Enverga, first Filipino-Canadian Senator, dies

by Joseph G. Lariosa

CHICAGO (JGL) – The first Filipino-Canadian Sen. Tobias C. Enverga, Jr. died of heart attack on Thursday, Nov. 16, while on a parliamentary trip in Colombia. He would have turned 62 on Dec. 2nd.

In Senator Enverga’s website, his staff James Campbell, Eric Parungao and Annavic Tapar confirmed the passing of Enverga. They said Senator Enverga  “truly cherished the opportunity to serve the people of Canada and did so with great pride.”

In a statement, The Honourable George J. Furey, Q.C., Speaker of the Senate, said: “Senator Enverga – known affectionately as Jun – was appointed to the Senate in September 2012 to represent the province of Ontario. The first Canadian of Filipino descent summoned to the Upper Chamber, Senator Enverga was a proud voice for his community and for the many diverse communities in the Greater Toronto Area.”

Furey added that Enverga “will be most remembered as a fierce advocate for persons with disabilities and a tireless champion for multiculturalism. He was respected by all of his colleagues for his kindness, his warm sense of humour and his unparalleled work ethic.”

Enverga was shocked to learn that he was appointed Senator by Conservative Stephen Harper in 2012 to represent Ontario, which has a huge Filipino Canadian population.


He would have been Senator for life while on good behavior upon reaching the age of 75. The annual basic salary of a Canadian senator is $142,400.

According to CBC News, Enverga was in the South American country to attend the ParlAmercas Annual Plenary Assembly, along with Liberal Members of Parliament Robert Nault and Randy Boissonnault, NDP MP Richard Cannings and Conservative MP Bev Shepley.

Sonia Noraeau, a member of Senator Enverga’s staff, told this reporter that funeral arrangement remains pending.

Sen. Larry Smith, a leader of the Conservative Senate caucus, said Enverga earned the respect and admiration of his colleagues.

“He was a man of great conviction and a hardworking parliamentarian,” he said.

Many senators and former Conservative interim leader Rona Ambrose flooded Twitter with their sympathies Thursday afternoon.

Conservative MP Erin O’Toole called him a “warm and caring person and a true role model.”

Prime Minister Justin Trudeau also tweeted condolences, calling Enverga “a member of our parliamentary family.”

“He was a dedicated senator for Ontario, strong voice for the Filipino community, and a friend to so many on the Hill. May he rest in peace,” Trudeau wrote.

Enverga’s website said the Senator was a co-chair of the Asian Heritage Month Celebration for the Greater Toronto Area and was previously a director of the Canadian Multicultural Council – Asians in Ontario. He founded the Philippine Canadian Charitable Foundation. He was awarded the Queen Elizabeth II Diamond Jubilee Medal in 2012, for his community work.

Enverga is a member of two Senate Standing Committees, the Aboriginal Peoples (APPA), which is responsible for matters related to the Aboriginal Peoples of Canada; and, the Banking, Trade and Commerce (BANC), which examines legislation and studies issues related to banking, insurance, trust and loan companies, credit societies, caisses populaires and small loans companies.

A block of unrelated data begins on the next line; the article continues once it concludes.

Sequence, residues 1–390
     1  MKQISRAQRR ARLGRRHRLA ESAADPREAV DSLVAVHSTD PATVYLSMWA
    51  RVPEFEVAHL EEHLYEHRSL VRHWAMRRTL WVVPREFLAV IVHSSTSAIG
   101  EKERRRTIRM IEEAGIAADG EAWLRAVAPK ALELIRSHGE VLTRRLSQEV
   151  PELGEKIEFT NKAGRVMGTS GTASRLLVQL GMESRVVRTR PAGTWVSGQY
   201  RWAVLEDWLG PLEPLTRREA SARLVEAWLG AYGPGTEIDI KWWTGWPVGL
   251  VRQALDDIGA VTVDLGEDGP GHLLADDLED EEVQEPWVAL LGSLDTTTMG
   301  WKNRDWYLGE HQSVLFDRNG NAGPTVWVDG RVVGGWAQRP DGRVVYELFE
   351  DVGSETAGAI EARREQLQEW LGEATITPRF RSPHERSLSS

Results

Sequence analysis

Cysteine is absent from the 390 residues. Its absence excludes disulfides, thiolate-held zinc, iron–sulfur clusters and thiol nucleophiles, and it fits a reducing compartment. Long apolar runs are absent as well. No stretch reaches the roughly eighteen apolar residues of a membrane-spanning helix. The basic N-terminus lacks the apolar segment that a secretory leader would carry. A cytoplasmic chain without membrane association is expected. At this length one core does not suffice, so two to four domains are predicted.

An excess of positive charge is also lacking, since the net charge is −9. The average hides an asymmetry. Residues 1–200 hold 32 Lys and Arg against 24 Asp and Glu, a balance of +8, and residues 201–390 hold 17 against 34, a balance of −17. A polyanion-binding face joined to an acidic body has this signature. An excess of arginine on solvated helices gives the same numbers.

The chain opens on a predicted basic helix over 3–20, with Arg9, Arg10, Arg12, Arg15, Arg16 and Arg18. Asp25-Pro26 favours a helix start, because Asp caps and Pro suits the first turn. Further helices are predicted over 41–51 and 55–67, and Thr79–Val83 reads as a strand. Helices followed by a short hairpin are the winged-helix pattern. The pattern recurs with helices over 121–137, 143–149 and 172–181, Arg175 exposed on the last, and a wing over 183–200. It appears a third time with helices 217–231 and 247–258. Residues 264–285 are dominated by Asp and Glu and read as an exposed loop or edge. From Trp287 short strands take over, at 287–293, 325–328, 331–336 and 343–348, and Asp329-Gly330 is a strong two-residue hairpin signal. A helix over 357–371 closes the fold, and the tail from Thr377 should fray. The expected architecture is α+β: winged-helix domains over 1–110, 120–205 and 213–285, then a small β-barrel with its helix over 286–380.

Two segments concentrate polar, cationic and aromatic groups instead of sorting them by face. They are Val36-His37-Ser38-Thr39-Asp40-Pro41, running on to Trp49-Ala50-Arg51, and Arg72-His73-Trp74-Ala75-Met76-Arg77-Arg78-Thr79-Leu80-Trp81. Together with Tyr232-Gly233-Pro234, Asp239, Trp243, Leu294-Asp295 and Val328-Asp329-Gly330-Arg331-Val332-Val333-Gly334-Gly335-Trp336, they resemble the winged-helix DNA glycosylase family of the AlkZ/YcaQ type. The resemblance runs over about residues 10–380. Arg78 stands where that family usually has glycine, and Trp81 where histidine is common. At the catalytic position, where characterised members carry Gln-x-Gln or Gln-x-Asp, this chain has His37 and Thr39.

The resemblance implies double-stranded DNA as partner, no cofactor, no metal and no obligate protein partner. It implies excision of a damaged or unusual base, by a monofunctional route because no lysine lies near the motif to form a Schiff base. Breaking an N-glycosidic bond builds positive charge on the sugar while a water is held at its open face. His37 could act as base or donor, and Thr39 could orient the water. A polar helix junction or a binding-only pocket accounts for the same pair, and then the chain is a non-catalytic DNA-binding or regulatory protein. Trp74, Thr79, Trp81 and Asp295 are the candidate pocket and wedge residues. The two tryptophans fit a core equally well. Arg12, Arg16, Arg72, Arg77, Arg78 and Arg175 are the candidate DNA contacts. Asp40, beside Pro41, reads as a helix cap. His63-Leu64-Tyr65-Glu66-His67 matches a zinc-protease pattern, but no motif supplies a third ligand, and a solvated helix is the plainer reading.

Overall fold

Enverga was born in Quezon province in the Philippines, where he earned a Bachelor of Arts in Economics from Letran College. He earned a Masters Certificate in Project Management from the Schulich School of Business at York University, and a Computer Studies Certificate from Centennial College.

At the time of his appointment, he was a project manager at the Bank of Montreal, where he has worked for more than 30 years. He was the first Filipino-Canadian elected to public office in the City of Toronto, having served as a school trustee for the Toronto Catholic District School Board.

Collected $410K in damage suit

Enverga recently collected $410,000 in settlement from a libel suit he filed against Balita, a twice-monthly tabloid in Toronto’s suburb of Markham city, Canada, and Balita’s publisher, Tess Cusipag. The paper quoted two Filipino Canadian community leaders, who also had both died, who accused Enverga of not turning over fund-raising monies in the late nineties to their own Filipino Canadian non-profit organization.

In one of his last public appearances he attended during the opening of the Seafood City in Mississauga, Canada on Sept. 28, he was asked by Romy Marquez, one of Balita‘s staff what his most significant accomplishments while in the Senate for the last five years. The media-shy Enverga was at a loss for words and said, “Panalo!, ha, ha, ha!” (I won while laughing). He was obviously referring to the huge defamation award he won against Balita and Cusipag.

Cusipag said, “Siguro (probably) it is God’s will na (already). He (Enverga) still asked for the remaining interest on top of the $410K.  He asked for another $4,700 dahil mali daw ang (because there was a mistake in) calculation. When my lawyer asked if they could drop the case against my children, he came back asking us to pay for the court cost of the law case in the amount of $25K. I said I would not pay that, so my lawyer is fighting it. Now that he is dead, I don’t know what would happen, although the lawyer said he would file a motion to drop the case because the judgment is now paid.”

Enverga leaves behind his wife Rosemer and three daughters, Rystle, Reeza and Rocel.

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